By letter dated July 16, 1990, the Union unilaterally requested the Arbitrator to "issue a new decision" in Norfolk Naval Shipyard because of the Authority's ruling setting aside the Arbitrator's award. Union's Letter.

On July 21, 1990, the Arbitrator issued the amended award that is now in dispute. The Arbitrator amended his award in Norfolk Naval Shipyard to correct its faults because the award "did not meet and conform with the applicable laws and regulations[.]" Arbitrator's Amended Award. In his amended award, the Arbitrator ordered "[t]he suspension . . . reduced to a written warning with backpay awarded." Id.

IV. Positions of the Parties

A. Agency's Exception

The Agency contends that the "Arbitrator lacked authority to reopen and clarify his award." Exception at 2. The Agency argues that "[a]n arbitrator is precluded from reopening and clarifying an award which the Authority has set aside unless both parties request the arbitrator to do so." Id. The Agency contends that "since [it] had not agreed with the [U]nion that the [A]rbitrator retained jurisdiction in the matter, the [A]rbitrator was not authorized to issue a supplemental award." Id. Therefore, the Agency takes the position that the Authority should set aside the Arbitrator's amended award.

B. Union's Opposition

The Union contends that the Agency cannot challenge the Arbitrator's award by filing an exception because the "exception procedure may not be used by an agency to determine if it must comply with an award." Opposition at 2. The Union asserts that "[a]ward compliance must be addressed by the [unfair labor practice] procedure." Id.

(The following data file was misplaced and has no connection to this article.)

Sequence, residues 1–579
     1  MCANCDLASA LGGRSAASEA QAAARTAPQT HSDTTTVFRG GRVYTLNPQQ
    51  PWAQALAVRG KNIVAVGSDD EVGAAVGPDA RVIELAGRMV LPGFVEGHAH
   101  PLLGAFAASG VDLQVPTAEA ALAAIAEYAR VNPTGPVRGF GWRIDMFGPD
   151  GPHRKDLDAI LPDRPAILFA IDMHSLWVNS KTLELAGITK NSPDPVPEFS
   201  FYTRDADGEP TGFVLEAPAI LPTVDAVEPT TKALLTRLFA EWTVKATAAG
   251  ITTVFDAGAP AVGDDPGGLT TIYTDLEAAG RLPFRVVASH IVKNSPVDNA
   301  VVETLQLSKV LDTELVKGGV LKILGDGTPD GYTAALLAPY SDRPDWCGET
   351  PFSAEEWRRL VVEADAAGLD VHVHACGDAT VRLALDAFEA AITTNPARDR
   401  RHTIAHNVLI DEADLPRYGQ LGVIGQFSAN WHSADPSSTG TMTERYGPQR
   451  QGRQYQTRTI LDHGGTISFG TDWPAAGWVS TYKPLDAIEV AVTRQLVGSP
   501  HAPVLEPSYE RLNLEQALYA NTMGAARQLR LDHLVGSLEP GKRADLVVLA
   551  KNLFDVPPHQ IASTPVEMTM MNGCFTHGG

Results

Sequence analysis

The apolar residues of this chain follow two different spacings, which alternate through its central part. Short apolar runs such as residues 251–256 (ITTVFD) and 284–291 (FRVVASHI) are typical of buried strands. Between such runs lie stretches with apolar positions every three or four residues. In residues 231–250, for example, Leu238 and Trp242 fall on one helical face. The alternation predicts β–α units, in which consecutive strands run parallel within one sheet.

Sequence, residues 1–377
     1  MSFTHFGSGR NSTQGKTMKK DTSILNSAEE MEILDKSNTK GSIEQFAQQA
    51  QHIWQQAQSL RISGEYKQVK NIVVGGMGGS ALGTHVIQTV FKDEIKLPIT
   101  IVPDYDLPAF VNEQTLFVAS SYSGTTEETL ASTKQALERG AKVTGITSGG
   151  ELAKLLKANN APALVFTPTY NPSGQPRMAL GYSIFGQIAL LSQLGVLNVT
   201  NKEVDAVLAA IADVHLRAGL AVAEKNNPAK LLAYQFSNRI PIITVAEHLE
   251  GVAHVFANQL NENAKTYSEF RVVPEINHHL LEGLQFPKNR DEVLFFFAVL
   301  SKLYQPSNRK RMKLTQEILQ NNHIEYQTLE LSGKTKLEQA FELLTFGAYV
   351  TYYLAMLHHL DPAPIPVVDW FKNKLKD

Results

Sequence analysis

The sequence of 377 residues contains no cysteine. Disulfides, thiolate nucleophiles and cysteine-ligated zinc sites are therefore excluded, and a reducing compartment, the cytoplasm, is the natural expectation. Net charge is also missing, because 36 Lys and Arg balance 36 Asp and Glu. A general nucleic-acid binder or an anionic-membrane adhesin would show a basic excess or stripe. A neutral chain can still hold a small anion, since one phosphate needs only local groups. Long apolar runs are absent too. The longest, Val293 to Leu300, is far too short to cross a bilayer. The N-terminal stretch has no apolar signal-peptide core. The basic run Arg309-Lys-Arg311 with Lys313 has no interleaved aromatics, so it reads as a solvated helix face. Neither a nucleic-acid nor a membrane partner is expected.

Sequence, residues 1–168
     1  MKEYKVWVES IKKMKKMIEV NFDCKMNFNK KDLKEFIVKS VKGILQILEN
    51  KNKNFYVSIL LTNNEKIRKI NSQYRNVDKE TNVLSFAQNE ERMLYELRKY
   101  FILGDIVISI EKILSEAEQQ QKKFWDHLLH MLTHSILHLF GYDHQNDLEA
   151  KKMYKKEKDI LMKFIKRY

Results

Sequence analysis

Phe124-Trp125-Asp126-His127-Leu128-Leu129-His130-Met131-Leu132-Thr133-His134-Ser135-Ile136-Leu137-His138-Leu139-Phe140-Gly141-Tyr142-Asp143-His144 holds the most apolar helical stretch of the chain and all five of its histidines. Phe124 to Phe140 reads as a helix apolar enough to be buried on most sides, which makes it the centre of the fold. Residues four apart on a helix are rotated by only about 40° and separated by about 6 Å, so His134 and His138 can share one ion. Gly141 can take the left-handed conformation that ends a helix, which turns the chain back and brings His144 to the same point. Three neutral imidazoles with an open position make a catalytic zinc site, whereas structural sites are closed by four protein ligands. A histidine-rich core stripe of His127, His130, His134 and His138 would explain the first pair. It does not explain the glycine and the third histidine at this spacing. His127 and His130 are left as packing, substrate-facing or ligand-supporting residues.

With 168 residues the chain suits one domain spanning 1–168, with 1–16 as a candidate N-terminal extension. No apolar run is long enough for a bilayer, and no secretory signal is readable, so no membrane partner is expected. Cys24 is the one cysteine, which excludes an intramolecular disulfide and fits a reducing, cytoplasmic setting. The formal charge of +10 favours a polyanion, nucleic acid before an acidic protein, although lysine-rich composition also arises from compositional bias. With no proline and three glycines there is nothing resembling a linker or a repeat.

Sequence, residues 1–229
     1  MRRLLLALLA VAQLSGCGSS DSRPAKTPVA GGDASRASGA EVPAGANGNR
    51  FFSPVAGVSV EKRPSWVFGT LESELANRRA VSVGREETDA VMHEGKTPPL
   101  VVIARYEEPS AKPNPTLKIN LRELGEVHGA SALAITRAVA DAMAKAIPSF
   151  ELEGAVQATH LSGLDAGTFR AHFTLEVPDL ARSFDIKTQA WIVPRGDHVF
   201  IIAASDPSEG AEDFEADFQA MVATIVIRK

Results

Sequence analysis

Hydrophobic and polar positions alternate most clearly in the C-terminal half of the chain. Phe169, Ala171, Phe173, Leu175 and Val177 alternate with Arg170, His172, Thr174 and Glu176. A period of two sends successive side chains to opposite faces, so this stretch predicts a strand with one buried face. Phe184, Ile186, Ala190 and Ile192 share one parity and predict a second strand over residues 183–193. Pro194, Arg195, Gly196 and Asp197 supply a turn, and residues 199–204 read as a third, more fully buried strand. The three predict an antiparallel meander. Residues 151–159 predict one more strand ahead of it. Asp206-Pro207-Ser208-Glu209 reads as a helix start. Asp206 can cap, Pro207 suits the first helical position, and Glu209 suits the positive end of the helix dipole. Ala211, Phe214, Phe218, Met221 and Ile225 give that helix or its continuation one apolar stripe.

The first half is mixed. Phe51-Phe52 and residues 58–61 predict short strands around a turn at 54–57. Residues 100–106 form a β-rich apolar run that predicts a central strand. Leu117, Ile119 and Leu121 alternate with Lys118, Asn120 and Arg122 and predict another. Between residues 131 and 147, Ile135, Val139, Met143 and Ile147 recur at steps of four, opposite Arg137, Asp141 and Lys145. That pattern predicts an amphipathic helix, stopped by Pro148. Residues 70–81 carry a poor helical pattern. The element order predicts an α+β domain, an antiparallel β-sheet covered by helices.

The Union argues that once an arbitrator's award is set aside "a mechanism must exist to return the grievance to arbitration for a decision on the merits." Id. at 3. The Union asserts that parties to an arbitration proceeding should be entitled to a decision if an arbitrator's decision is found defective by the Authority. The Union argues that the Agency's refusal to agree to resubmit the case to arbitration denies it a "right to a decision" on "the merits." Id. at 4. Therefore, the Union argues that "it has the same right it had under the original grievance procedure - to unilaterally invoke arbitration" and "is entitled to a legally binding decision from an arbitrator - win or lose." Id.

V. Analysis and Conclusions

Once the Authority has set aside an arbitrator's award, nothing precludes the parties from jointly requesting the arbitrator to reopen the matter. However, an arbitrator is precluded from reopening and modifying an award which the Authority has set aside unless both parties request the arbitrator to do so. See Social Security Administration and American Federation of Government Employees, AFL-CIO, 32 FLRA 806, 808 (1988). See also Health Care Financing Administration, Department of Health and Human Services and American Federation of Government Employees, Local 1923, 35 FLRA 274, 281-82 (1990) (an arbitrator may not reconsider an award or issue a new decision without a joint request of the parties).

In this case, the Arbitrator issued his original award on March 31, 1990. The Agency filed exceptions to the award with the Authority, and the award was set aside. Pursuant to the Union's subsequent request to the Arbitrator for a new decision, the Arbitrator amended his original award. In the absence of a joint request by the parties to reopen the matter, the Arbitrator was precluded from reopening the matter and issuing his amended award.

In this regard, we reject the Union's argument that it has a right to unilaterally resubmit the same grievance to arbitration. Allowing a party to an arbitration proceeding to unilaterally resubmit the same grievance to arbitration could result in endless relitigation and lessen the finality that the arbitration process is designed to ensure. Finally, with regard to the Union's assertion that parties to an arbitration proceeding should be entitled to a decision if an arbitrator's decision is found defective by the Authority, the parties have that opportunity if they jointly request further consideration by an arbitrator.

The